Traveler: Alli Hora
We continue following Alli Hora on her Scotland tour as she travels to Isle of Mull for a visit to a 19th century castle, a floral garden and a vantage point featuring a panoramic view of the surrounding bay waters.
Guided tour of Isle of Mull
The Isle of Mull is a quaint island off the coast of Scotland. The population of the island tops off at 2,800 with tourism being the mainstay of this gorgeous island’s economy. Our tour guide, Greg, one of the only three taxi drivers on the island, gave us a day-long tour of the island and all its wonder. A native to the island, Greg skillfully navigated the coastal one lane, cliffside, no guardrail, sheep-ridden roads stopping here and there for photo opportunities that abounded throughout our tour.
While traffic is sparse on the island, it is common to have to stop for a lone sheep in the middle of the road. The emerald rolling hills of the island are dotted with sheep and the occasional herd of Highland cows, or “ ‘Iland Coos,” as the natives say. Greg informed us that the island has very few predators–with the exception of sea eagles. At the end of our tour as we pulled up to our final destination, Glengorm Castle, Greg pointed out the island’s “lamb orphanage.” Situated at the end of the mile-long driveway up to the castle, I knew the lamb orphanage was a definite pit-stop to be taken at some point during our stay at the castle.
As we drove around the coastal road, Greg stopped often to tell us about the many local farms we passed and the wildlife (we spotted a few eagles, otters, whales…and a couple hundred sheep). Along our drive, two of the most notable points of interest were Calgary Bay and what locals refer to as “Lucy’s Garden.”
Lip na Cloiche garden is located on the shore of the Isle of Mull and has stunning views of Loch Tuath and the Isle of Ulva. The gardener, Lucy Mackenzie Panizzon, has meticulously landscaped and nursed local plant life into a densely packed, floral garden complete with paths, ponds, vegetable gardens, and a green house. Lucy’s garden is an incredible wonder to behold. Her green thumb and green mindset have heartfully worked in tandem to create her hillside garden. An avid beachcomber and recycler, Lucy uses found objects to aid the landscaping of her garden. The garden has been featured in many noteworthy publications such as “The English Garden” and “Country Living.”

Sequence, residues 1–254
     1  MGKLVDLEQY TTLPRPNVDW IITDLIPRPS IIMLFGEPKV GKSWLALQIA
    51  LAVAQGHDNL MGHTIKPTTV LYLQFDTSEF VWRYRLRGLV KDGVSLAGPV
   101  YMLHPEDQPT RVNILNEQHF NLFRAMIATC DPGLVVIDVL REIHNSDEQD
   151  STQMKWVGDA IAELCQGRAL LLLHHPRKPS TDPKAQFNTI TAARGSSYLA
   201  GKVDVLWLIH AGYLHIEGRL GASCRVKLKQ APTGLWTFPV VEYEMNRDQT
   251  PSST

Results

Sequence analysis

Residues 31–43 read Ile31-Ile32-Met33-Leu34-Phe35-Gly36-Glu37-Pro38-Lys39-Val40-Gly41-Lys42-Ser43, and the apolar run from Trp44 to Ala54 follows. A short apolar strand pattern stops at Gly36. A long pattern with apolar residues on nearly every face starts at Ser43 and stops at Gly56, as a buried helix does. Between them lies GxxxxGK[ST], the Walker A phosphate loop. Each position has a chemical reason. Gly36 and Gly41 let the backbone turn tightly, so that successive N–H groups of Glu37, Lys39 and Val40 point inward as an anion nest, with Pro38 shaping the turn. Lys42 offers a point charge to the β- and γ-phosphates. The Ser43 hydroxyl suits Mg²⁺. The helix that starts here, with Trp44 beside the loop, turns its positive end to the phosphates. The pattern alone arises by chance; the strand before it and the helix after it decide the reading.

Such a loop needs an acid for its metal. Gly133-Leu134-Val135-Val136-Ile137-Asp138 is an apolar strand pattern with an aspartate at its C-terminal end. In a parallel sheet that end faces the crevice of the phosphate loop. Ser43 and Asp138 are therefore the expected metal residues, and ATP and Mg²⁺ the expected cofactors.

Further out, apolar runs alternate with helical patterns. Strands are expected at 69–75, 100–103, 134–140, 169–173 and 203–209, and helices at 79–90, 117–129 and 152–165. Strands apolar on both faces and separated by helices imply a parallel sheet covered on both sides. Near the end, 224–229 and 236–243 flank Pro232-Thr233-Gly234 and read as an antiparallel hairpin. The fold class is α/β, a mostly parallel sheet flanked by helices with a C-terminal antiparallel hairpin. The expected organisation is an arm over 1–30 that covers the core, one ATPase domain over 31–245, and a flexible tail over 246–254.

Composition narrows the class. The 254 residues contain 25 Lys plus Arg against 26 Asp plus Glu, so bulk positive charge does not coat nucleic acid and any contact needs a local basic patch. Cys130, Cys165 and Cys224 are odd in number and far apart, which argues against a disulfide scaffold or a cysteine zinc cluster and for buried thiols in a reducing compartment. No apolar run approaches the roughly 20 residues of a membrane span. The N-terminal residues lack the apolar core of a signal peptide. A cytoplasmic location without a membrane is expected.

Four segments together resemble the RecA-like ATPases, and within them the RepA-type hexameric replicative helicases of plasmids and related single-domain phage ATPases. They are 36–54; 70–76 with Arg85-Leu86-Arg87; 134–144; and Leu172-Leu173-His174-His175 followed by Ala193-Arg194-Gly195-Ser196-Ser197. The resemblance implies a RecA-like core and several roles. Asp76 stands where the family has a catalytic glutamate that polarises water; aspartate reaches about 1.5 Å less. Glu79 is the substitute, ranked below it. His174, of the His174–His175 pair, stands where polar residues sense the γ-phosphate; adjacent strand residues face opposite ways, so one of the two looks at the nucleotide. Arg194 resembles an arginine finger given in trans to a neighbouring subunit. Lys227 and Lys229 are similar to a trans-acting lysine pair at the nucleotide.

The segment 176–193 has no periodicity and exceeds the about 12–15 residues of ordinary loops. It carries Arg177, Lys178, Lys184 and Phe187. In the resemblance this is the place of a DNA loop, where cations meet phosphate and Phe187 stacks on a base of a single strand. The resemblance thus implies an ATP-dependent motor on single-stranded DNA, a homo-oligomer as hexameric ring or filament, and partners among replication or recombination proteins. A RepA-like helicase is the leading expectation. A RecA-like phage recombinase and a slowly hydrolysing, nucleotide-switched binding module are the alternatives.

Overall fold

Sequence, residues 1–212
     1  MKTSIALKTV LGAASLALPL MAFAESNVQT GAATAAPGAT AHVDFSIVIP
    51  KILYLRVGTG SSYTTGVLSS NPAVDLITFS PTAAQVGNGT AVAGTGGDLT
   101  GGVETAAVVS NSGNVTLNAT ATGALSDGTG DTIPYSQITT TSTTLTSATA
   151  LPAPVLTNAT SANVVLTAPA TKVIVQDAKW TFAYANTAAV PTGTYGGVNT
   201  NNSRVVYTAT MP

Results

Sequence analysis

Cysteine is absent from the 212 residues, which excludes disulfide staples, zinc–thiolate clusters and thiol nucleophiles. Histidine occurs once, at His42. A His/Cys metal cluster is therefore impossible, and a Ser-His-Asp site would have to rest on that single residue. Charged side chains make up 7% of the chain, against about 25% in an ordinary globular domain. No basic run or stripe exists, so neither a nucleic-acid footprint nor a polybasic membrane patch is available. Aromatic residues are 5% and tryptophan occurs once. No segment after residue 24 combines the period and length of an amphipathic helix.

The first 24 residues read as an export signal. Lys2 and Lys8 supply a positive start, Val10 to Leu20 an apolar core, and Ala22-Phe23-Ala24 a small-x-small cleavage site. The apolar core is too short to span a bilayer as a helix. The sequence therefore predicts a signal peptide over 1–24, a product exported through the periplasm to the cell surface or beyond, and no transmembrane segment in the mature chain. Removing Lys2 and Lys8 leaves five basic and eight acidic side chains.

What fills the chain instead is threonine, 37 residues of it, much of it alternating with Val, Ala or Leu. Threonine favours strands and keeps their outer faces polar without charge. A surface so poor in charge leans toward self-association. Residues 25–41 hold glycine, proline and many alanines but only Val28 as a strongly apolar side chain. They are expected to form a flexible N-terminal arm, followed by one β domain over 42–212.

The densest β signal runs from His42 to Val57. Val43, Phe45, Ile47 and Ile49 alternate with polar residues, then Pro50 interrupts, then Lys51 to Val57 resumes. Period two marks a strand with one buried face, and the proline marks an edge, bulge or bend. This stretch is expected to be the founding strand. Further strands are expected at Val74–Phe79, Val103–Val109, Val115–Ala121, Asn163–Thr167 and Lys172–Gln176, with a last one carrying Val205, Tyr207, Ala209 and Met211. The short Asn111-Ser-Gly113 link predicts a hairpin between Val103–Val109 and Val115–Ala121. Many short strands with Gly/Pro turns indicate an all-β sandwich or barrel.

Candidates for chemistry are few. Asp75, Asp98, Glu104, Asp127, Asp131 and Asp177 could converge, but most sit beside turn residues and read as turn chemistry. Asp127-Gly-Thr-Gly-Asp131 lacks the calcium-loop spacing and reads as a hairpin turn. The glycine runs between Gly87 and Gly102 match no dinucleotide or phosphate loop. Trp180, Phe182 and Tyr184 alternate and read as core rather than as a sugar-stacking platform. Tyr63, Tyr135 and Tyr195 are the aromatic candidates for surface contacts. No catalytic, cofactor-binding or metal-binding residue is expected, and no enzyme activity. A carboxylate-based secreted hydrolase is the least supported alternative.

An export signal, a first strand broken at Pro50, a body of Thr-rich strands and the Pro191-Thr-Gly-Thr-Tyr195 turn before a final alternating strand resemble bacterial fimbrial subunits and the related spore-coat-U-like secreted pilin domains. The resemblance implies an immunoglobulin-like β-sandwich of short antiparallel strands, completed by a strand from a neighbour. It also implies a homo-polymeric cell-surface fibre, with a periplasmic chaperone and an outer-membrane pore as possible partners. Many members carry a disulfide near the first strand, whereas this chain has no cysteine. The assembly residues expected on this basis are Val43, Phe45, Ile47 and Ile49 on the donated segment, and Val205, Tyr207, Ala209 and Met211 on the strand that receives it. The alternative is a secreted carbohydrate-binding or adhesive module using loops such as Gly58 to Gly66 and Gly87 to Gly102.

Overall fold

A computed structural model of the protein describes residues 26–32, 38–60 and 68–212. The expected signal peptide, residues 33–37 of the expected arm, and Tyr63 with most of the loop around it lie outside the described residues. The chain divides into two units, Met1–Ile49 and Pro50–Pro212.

Lucy’s talents stem beyond the garden. During the drearier fall and winter months, gardener Lucy explores the beach side extensively and collects items such as rope, shells, china, and driftwood. While her nursery sleeps in the winter, she satiates her creativity by piecing these uncommon treasures into works of art, mirrors, mobiles, crafts, and other household decorative items.
Calgary Bay and Calgary Art in Nature
Calgary Bay is situated on the northwestern coast of the Isle of Mull. The Bay offers spectacular panoramic views from multiple vantage points. Crystal blue waters and white beach are surrounded by a meadow of thick green grass framed by low, partially wooded hills. It is truly one of the most gorgeous views I have ever had the privilege to hold. Our guide told us that many a Scot consider Calgary Beach the best beach in Scotland!